Furthermore, competent national authorities to whom access to the retained data had been granted, were obliged to notify the data subjects concerned of the interference with their rights as soon as such notification would no longer jeopardize the investigations. Referring to its judgment in Digital Rights Ireland, the Court made clear that “the retention of traffic and location data could […] have an effect on the use of means of electronic communications” [para. 101], as it might give an impression of “constant surveillance” for the data subjects concerned, and could affect their way of communication (Article 11 of the EU Charter) [paras. 100,101, 107].
The Court essentially followed its reasoning in earlier judgments, emphasizing the negative impact that the general retention of and the unauthorized access to personal data might entail for individuals. The CJEU required data retention to be targeted and based on the objective evidence of serious crime in order to access by law enforcement authorities (“LEAs”). As reference for such targeted retention, Member States could use a “geographical criterion” such as an area where there exists a “high risk of preparation for or commission of” [criminal offences] [para. 111].
The national legislation schemes at issue before the Court therefore exceeded the limits of what is strictly necessary and could not be justified within a democratic society read in the light of Articles 7, 8, 11 and 52(1) of the Charter [para. 107].
While from a data protection point of view the Tele2 judgment may be regarded as yet another confirmation that general data retention schemes dismantle fundamental rights and pose a significant threat to the privacy of individuals, from a law enforcement point of view, the judgment allegedly obstructs the possibility to establish clear relationships between suspects and blocks means to “dig into the past” once a crime has been perpetrated.
The judgment seeks to reverse the famous chase “for a needle in a haystack” back to an investigative search, where a suspicion must be well-founded before data may be retained. Moreover, procedural safeguards and oversight mechanisms must guarantee that data of innocent and unsuspicious persons will be retained to the least amount possible in order to avoid a general feeling of constant surveillance.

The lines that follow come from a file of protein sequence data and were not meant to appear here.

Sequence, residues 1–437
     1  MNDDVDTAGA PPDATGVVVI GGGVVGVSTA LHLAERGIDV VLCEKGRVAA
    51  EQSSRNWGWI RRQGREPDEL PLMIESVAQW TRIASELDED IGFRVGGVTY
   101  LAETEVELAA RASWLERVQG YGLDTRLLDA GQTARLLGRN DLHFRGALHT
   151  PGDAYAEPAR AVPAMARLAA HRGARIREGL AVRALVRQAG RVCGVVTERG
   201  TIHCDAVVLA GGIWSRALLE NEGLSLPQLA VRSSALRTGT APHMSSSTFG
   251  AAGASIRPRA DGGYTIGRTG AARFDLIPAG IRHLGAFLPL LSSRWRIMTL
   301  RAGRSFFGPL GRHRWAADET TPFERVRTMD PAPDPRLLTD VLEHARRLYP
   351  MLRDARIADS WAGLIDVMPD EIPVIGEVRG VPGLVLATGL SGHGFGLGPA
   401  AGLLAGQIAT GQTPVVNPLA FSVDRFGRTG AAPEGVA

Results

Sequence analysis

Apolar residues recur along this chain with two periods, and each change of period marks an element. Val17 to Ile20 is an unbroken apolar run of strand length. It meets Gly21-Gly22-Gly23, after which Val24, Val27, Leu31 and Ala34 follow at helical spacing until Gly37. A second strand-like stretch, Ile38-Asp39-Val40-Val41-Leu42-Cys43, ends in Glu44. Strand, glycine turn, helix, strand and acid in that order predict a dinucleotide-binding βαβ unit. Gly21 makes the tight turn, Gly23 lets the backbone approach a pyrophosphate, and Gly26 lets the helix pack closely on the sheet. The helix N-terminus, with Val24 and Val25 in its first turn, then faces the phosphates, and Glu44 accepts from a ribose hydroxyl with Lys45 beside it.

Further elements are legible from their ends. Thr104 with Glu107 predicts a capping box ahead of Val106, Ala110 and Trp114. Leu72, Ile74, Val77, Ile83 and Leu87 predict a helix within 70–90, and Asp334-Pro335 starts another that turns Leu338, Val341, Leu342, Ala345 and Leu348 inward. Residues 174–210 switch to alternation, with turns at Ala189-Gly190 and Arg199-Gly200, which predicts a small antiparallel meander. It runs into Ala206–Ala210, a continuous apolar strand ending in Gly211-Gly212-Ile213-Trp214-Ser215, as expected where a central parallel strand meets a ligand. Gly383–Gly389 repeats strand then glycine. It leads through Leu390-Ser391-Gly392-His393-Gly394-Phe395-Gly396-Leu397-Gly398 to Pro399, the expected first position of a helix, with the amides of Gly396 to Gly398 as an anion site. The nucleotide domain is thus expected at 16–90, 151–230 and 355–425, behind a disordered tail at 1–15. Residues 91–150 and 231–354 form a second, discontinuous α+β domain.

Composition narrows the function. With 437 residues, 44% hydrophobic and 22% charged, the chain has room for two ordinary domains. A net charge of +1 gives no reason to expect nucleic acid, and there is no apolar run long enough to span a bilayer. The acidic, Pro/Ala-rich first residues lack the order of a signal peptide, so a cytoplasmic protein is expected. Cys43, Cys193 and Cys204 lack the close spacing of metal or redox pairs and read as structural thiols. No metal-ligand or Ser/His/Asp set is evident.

With Tele2, the CJEU thus continued the data protection and privacy friendly case-law that it had established in previous judgments and limited the possibility for Member States to derogate from the principle of confidentiality of communications for national security purposes. Referring to two recent ECtHR cases concerning mass surveillance, the CJEU confirmed that it will only accept a strict interpretation of the minimum standards concerning general data retention and mass surveillance set by both courts.
However, the Court left a potential loophole that might be exploited by law enforcement authorities: with the geographical criterion, the Court seems to render national LEAs a certain margin of discretion when determining the area in which data may be retained. Yet, national courts will have to assess the proportionality of requests for targeted retention and will (hopefully) be able to determine appropriate geographical limits. This might, however, lead to disparities among the Member States.
In the near future, the e-Privacy Regulation, as lex specialis to the General Data Protection Regulation, will repeal the e-Privacy Directive and, due to a broadened scope, also be applicable to so-called Over-The-Top (“OTT”) service providers. The proposal does not include any specific provisions in the field of data retention and Member States are therefore free to maintain or establish national data retention frameworks that provide for targeted retention measures as stipulated by the Tele2 judgment. As the judgment blocked the creation of a legal basis to retain data on a general scale, it is highly doubtful that such a legal basis could be established by either the e-Privacy Regulation itself or by the national laws in the Member States. The e-Privacy Regulation will certainly change the work of law enforcement authorities, as the Tele2 judgment will then also affect OTT-services providers and metadata will probably be less available for LEAs as is currently the case.